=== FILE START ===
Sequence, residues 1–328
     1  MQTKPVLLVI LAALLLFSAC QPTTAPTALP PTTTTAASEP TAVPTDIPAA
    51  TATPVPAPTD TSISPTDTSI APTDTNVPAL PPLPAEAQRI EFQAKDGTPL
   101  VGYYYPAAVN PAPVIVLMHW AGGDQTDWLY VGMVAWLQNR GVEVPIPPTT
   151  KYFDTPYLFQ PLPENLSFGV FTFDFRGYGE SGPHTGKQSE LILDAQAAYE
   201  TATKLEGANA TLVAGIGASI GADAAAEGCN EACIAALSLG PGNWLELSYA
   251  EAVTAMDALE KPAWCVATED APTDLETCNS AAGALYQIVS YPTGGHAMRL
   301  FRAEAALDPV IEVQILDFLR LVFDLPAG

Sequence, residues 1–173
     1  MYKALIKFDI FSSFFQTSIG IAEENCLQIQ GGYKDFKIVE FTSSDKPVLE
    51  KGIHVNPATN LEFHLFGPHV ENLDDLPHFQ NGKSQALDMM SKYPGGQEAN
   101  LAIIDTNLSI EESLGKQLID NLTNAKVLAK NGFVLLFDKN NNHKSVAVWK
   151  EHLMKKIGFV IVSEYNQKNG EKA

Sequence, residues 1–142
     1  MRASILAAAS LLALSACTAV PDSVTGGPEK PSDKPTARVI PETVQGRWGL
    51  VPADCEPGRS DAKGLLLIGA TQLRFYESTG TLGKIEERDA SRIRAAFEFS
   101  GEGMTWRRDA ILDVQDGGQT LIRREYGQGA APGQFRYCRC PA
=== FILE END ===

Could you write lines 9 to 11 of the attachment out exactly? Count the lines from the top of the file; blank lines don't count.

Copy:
Sequence, residues 1–173
     1  MYKALIKFDI FSSFFQTSIG IAEENCLQIQ GGYKDFKIVE FTSSDKPVLE
    51  KGIHVNPATN LEFHLFGPHV ENLDDLPHFQ NGKSQALDMM SKYPGGQEAN